also known as ophthalmophobia, eye contact anxiety disorder is marked by a serious fear of making direct eye contact with another person. While some form of occasional uneasiness when making eye-contact is normal, irrational and excessive fear may be indicative of an anxiety disorder. 

Up Next

How Do Dogs Help with Depression: Exploring 5 Pawsitive Impacts!

How Do Dogs Help with Depression: Psychological Benefits!

The attachment that humans make with dogs goes beyond affability. To learn how do dogs help with depression is to consider not only the happiness they bring but also their deeper healing capacities for mental health

In the present fast-paced and challenging world where mental well-being is as important as physical fitness. The connection between humans and dogs is both ancient and deep. For centuries these creatures have been more than pets; they have been trusted friends, company during difficult times, unfailing love, etc.

This articl

Up Next

When Anxiety Shows Up as Anger: The Fear And Anger Connection:

Fear And Anger Connection: When Anxiety Shows Up as Anger

Can anxiety cause anger? Yes it can! Fear and anger are linked in many ways, and this shows up when you are hit by anxiety and anxious thoughts. This connection might come as a surprise, but it’s true. This article is going to talk about the connection between fear and anxiety, what happens when anxiety turns to anger.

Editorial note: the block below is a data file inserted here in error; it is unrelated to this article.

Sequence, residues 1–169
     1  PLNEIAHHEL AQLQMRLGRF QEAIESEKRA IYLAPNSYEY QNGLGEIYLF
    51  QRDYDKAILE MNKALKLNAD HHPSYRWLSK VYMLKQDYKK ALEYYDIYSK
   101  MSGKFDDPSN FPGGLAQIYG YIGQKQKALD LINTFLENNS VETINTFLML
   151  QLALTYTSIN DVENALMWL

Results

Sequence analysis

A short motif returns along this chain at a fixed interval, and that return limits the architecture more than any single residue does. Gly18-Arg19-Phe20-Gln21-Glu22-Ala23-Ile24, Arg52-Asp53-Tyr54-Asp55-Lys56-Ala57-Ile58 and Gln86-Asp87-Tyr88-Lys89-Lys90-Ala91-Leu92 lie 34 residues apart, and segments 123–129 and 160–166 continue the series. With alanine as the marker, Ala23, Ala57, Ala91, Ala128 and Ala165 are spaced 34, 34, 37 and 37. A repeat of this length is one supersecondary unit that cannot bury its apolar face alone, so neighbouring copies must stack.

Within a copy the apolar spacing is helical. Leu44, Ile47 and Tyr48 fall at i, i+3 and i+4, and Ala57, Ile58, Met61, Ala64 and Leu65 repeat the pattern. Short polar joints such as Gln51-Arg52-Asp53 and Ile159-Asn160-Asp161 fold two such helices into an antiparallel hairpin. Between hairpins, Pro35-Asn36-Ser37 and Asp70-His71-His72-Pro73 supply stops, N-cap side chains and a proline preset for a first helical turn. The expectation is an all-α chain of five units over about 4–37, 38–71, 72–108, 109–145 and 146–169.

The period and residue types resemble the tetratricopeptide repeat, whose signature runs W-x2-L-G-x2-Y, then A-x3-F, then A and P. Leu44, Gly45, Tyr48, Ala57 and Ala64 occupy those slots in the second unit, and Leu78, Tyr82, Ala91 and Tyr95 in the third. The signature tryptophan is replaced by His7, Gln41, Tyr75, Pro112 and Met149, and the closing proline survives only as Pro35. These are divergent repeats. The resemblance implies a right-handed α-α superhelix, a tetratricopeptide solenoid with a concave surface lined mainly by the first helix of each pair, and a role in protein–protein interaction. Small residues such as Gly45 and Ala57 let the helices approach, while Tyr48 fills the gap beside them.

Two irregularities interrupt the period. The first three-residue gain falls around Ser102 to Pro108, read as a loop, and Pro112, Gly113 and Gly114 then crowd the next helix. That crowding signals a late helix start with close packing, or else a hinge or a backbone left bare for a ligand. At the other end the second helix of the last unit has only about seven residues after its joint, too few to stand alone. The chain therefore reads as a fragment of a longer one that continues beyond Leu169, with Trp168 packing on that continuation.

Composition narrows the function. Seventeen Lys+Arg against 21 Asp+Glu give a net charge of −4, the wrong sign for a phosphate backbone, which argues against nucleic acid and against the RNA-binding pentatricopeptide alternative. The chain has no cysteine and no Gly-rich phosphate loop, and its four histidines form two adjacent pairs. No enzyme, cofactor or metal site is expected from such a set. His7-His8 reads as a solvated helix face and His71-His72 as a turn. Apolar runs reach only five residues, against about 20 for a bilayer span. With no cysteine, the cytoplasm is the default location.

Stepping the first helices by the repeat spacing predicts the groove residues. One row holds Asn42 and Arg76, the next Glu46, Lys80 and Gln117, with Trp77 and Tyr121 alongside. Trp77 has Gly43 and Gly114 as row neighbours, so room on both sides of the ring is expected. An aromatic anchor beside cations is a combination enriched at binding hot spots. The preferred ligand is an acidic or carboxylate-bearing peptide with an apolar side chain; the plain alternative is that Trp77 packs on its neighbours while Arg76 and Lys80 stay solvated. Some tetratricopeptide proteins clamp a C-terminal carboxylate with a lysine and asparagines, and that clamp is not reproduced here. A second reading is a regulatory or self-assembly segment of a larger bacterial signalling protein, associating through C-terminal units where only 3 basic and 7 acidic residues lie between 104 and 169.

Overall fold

Fear and anger are both threat-based emotions.

Studies show activation in the amygdala during both fear and anger.

Anxiety often shows up as irritability making it more difficult to catch.

Up Next

9 Morning Activities That Are Bad For Your Anxiety

Worst Morning Activities That Are Bad For Your Anxiety

Mornings set the tone for the day, and what you do at the start determines how the rest unfolds. For a positive day avoid certain activities that are bad for your anxiety because they really can throw off your groove!

Are you ready to learn how to avoid these morning pitfalls for a brighter start?

When you wake up to a new day, that fresh optimism is quite literally the start of everything. But due to how busy we are in life, many of us pick up some bad habits that follow us into the morning.

Up Next

What Not To Say To Someone With Anxiety? 5 Things You Should Avoid Saying

What Not To Say To Someone With Anxiety? Things To Avoid

What not to say to someone with anxiety? When you are dealing with an anxious person, you need to show them empathy and open-mindedness. Encouraging someone with anxiety is one of the best things you can do for them. On the other hand, there are certain things you should not say if you are thinking about how to help someone with anxiety.


Telling someone with anxiety to “get it together” or that they’ll figure it out is often unhelpful.

Sometimes an anxious person doesn’t want to hear that they are fine.

An expression of empathy for someone’s challenges can mea